Astronomy:Astapus Colles

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Astapus Colles
Astapus Colles.JPG
Astapus Colles Mounds and Knobs, as seen by HiRISE. Scale bar is 500 meters long.
Coordinates [ ⚑ ] : 35°30′N 272°18′W / 35.5°N 272.3°W / 35.5; -272.3

Astapus Colles is a group of hills in the Casius quadrangle of Mars, located at 35.5 North and 272.3 West. It is 580 km across and was named after an albedo feature at 35N, 269W.[1] The term "Colles" is used for small hills or knobs.[2]

Geology

Astapus Colles is 80 km thick and rich in ice. It mostly lies on top of the Vastitas Borealis interior unit, although it also overlies portions of the Vastitas Borealis marginal unit;[3] both of these units together make up the greater Vastitas Borealis region.[4] Features of Astapus Colles are both glacial and periglacial in nature, including scalloped depressions, rimless depressions, polygonal ground,[5][6] raised rims, and potentially pingos and pingo scars.[7][8]

Formation

Astapus Colles was formed in the late Amazonian period. The region encompassing Astapus Colles is believed to be an early-Amazonian icy mantle that has since been modified by periglacial freeze-thaw cycles; Astapus Colles was then formed later, on top of this mantle, by glacial accumulation and ablation. These processes were facilitated by atmospheric deposition and sublimation, respectively. Because the periglacial processes have also influenced the surrounding regions, the higher abundance of craters in those regions implies they were formed earlier than Astapus Colles, and thus the periglacial processes must have happened first. The glacial processes then created Astapus Colles and eroded the local craters.[3]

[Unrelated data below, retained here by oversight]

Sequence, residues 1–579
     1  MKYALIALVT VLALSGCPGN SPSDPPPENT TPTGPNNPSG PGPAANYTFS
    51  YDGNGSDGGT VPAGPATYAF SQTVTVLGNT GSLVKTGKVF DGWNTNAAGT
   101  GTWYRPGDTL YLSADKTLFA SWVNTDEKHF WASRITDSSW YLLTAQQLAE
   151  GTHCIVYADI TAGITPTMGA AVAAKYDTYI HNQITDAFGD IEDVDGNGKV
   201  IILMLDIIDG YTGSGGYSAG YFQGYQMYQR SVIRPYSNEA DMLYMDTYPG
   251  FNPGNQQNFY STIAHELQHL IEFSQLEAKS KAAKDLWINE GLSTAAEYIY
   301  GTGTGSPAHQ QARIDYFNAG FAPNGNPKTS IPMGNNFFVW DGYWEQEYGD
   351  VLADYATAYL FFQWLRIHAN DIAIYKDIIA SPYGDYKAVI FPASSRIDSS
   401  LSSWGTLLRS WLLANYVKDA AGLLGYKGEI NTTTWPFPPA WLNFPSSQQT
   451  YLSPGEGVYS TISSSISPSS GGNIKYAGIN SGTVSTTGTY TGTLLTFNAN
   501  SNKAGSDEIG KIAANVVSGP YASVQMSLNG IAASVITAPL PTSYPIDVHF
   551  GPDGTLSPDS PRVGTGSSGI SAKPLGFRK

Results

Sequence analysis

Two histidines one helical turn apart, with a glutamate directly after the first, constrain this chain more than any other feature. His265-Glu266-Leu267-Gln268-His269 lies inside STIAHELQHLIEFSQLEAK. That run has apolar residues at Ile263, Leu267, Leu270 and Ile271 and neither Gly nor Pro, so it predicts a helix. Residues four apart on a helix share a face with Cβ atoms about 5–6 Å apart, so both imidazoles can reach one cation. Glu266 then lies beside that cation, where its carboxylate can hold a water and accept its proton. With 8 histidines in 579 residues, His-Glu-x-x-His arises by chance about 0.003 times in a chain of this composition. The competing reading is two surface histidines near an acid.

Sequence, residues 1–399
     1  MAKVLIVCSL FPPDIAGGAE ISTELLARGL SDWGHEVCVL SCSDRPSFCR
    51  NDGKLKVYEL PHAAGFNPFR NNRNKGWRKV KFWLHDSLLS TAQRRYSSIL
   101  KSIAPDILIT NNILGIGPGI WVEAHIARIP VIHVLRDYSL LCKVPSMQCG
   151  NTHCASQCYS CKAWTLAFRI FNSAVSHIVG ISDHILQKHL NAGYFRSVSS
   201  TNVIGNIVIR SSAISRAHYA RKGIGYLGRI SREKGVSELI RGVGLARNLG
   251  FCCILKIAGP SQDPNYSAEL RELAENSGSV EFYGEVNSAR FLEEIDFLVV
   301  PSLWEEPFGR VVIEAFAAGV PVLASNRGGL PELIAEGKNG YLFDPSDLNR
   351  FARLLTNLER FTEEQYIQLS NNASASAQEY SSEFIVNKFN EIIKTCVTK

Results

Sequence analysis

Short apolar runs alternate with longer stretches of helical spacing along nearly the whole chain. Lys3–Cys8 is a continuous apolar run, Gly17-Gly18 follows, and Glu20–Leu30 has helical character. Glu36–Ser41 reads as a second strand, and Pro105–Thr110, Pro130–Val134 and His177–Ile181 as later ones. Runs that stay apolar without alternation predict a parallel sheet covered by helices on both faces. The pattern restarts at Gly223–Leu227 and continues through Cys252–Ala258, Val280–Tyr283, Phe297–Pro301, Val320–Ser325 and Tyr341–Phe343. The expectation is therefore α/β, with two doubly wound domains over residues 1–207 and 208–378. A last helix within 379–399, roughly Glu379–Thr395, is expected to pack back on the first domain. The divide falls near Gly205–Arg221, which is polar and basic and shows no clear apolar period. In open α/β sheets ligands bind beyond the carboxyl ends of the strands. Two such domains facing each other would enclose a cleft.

References

  1. "Home". http://planetarynames.wr.usgs.gov/. 
  2. "Planetary Names: Feature Types". https://planetarynames.wr.usgs.gov/DescriptorTerms. 
  3. 3.0 3.1 Soare, Richard J.; Osinski, Gordon R. (2009-07-01). "Stratigraphical evidence of late Amazonian periglaciation and glaciation in the Astapus Colles region of Mars" (in en). Icarus 202 (1): 17–21. doi:10.1016/j.icarus.2009.02.009. ISSN 0019-1035. Bibcode2009Icar..202...17S. https://www.sciencedirect.com/science/article/abs/pii/S0019103509000712. 
  4. Salvatore, M. R.; Christensen, P. R. (2015-03-01). "Origin and Evolution of the Vastitas Borealis Formation in the Vicinity of Chryse and Acidalia Planitiae, Mars". 46Th Annual Lunar and Planetary Science Conference 46 (1832): 1457. Bibcode2015LPI....46.1457S. http://adsabs.harvard.edu/abs/2015LPI....46.1457S. 
  5. Costard, F.M.; Kargel, J.S. (1995-03-01). "Outwash Plains and Thermokarst on Mars" (in en). Icarus 114 (1): 93–112. doi:10.1006/icar.1995.1046. ISSN 0019-1035. Bibcode1995Icar..114...93C. https://www.sciencedirect.com/science/article/abs/pii/S0019103585710469. 
  6. Morgenstern, Anne; Hauber, Ernst; Reiss, Dennis; van Gasselt, Stephan; Grosse, Guido; Schirrmeister, Lutz (2007-06-28). "Deposition and degradation of a volatile-rich layer in Utopia Planitia and implications for climate history on Mars". Journal of Geophysical Research 112 (E6). doi:10.1029/2006je002869. ISSN 0148-0227. Bibcode2007JGRE..112.6010M. https://agupubs.onlinelibrary.wiley.com/doi/abs/10.1029/2006JE002869. 
  7. Burr, Devon M.; Bruno, Barbara C.; Lanagan, Peter D.; Glaze, Lori S.; Jaeger, Windy L.; Soare, Richard J.; Wan Bun Tseung, Jean-Michel; Skinner, James A. et al. (2009-05-01). "Mesoscale raised rim depressions (MRRDs) on Earth: A review of the characteristics, processes, and spatial distributions of analogs for Mars" (in en). Planetary and Space Science 57 (5–6): 579–596. doi:10.1016/j.pss.2008.11.011. ISSN 0032-0633. Bibcode2009P&SS...57..579B. https://www.sciencedirect.com/science/article/abs/pii/S0032063308004054. 
  8. Depablo, M.; Komatsu, G. (2009-01-01). "Possible pingo fields in the Utopia basin, Mars: Geological and climatical implications" (in en). Icarus 199 (1): 49–74. doi:10.1016/j.icarus.2008.09.007. ISSN 0019-1035. Bibcode2009Icar..199...49D. https://www.sciencedirect.com/science/article/abs/pii/S0019103508003278.